Blake Snow

content advisor, recognized journalist, bodacious writer-for-hire

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20 things I learned about life and business reading Shoe Dog by the creator of Nike

Phil Knight seemingly had a lot of slick editors to help him write his wonderful book (4/5 stars) on the creation and rise of Nike. But his passion, character, and insightful war stories all ring true. These were my favorite excerpts:

  1. What if there were a way, without being an athlete, to feel what athletes feel? To play all the time, instead of working? Or else to enjoy work so much that it becomes essentially the same thing.
  2. Every runner knows this. You run and run, mile after mile, and you never quite know why. You tell yourself that you’re running toward some goal, chasing some rush, but really you run because the alternative, stopping, scares you to death.
  3. The Japanese believe climbing Fuji is a mystical experience, a ritual act of celebration, and I was overcome with a desire to climb it, right then. I wanted to ascend into the clouds. I decided to wait, however. I would return when I had something to celebrate.
  4. After shaving, I put on my green Brooks Brothers suit and gave myself a pep talk. You are capable. You are confident. You can do this. You can DO this. Then I went to the wrong place.
  5. I read in my guidebook that Michelangelo was miserable while painting his masterpiece. His back and neck ached. Paint fell constantly into his hair and eyes. He couldn’t wait to be finished, he told friends. If even Michelangelo didn’t like his work, I thought, what hope is there for the rest of us?
  6. Don’t tell people how to do things, tell them what to do and let them surprise you with their results.
  7. Lightness, Bowerman believed, directly translated to less burden, which meant more energy, which meant more speed. And speed equaled winning. Bowerman didn’t like to lose. (I got it from him.) Thus lightness was his constant goal.
  8. For fire drills, my mother often tied a rope to the post of my bed and made me use it to rappel out of my second-floor window. While she timed me. What must the neighbors have thought? What must I have thought? Probably this: Life is dangerous. And this: We must always be prepared. And this: My mother loves me.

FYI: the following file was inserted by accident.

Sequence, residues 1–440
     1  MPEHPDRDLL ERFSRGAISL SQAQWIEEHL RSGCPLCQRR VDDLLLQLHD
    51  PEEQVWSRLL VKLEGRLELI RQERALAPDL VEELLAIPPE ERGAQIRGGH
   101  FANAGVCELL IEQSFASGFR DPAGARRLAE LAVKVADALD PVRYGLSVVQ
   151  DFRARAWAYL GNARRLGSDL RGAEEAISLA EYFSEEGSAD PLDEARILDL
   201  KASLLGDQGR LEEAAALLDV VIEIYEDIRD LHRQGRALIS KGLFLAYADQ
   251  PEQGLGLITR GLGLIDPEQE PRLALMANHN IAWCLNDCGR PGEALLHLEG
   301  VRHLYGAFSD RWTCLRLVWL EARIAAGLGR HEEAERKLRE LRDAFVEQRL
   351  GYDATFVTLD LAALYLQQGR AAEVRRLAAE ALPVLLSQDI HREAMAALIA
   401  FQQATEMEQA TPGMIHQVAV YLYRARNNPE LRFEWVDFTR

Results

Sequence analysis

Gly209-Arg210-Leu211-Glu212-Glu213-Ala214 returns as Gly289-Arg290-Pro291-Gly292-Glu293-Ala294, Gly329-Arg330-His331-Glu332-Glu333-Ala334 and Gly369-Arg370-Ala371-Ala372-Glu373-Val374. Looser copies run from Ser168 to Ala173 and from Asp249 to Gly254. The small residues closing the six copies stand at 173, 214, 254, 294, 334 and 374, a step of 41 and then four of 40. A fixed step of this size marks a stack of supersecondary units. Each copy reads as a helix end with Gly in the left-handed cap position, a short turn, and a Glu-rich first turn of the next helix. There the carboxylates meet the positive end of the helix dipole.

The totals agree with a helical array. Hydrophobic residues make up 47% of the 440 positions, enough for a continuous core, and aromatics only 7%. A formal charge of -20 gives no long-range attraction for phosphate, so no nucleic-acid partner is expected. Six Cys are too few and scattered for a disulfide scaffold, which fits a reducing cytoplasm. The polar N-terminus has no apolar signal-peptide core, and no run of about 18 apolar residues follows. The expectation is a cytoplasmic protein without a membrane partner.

9. Driving back to Portland I’d puzzle over my sudden success at selling shoes. I’d been unable to sell encyclopedias, and I’d despised it to boot. I’d been slightly better at selling mutual funds, but I’d felt dead inside. So why was selling shoes so different? Because, I realized, it wasn’t selling. I believed in running. I believed that if people got out and ran a few miles every day, the world would be a better place, and I believed these shoes were better to run in. People, sensing my belief, wanted some of that belief for themselves.
  10. The single easiest way to find out how you feel about someone? Say goodbye.
  11. I struggle to remember. I close my eyes and think back, but so many precious moments from those nights are gone forever. Numberless conversations, breathless laughing fits. Declarations, revelations, confidences. They’ve all fallen into the sofa cushions of time… How I wish, on just one of those nights, I’d had a tape recorder. Or kept a journal.
  12. No matter the sport—no matter the human endeavor, total effort will win people’s hearts. This, I decided, this is what sports are, what they can do. Like books, sports give people a sense of having lived other lives, of taking part in other people’s victories. And defeats. When sports are at their best, the spirit of the fan merges with the spirit of the athlete, and in that convergence, in that transference, is the oneness that the mystics talk about.
  13. Pre was most famous for saying, “Somebody may beat me—but they’re going to have to bleed to do it.”
  14. Time and again I’d vow to change. Time and again I’d tell myself: I will spend more time with [family]. Time and again I’d keep that promise—for a while. Then I’d fall back to my former routine, the only way I knew. Not hands-off. But not hands-on.
  15. Beating the competition is relatively easy. Beating yourself is a never-ending commitment.
  16. When you hired an accountant, you knew he or she could count. When you hired a lawyer, you knew he or she could talk. When you hired a marketing expert, or product developer, what did you know? Nothing. You couldn’t predict what he or she could do, or if he or she could do anything.
  17. It seems wrong to call it “business.” It seems wrong to throw all those hectic days and sleepless nights, all those magnificent triumphs and desperate struggles, under that bland, generic banner: business. What we were doing felt like so much more.
  18. The cowards never started and the weak died along the way. That leaves us, ladies and gentlemen. Us.
  19. WHEN IT CAME rolling in, the money affected us all. Not much, and not for long, because none of us was ever driven by money. But that’s the nature of money. Whether you have it or not, whether you want it or not, whether you like it or not, it will try to define your days. Our task as human beings is not to let it.
  20. And those who urge entrepreneurs to never give up? Charlatans. Sometimes you have to give up. Sometimes knowing when to give up, when to try something else, is genius. Giving up doesn’t mean stopping. Don’t ever stop.

See also: My attempt to become a Nike shoe designer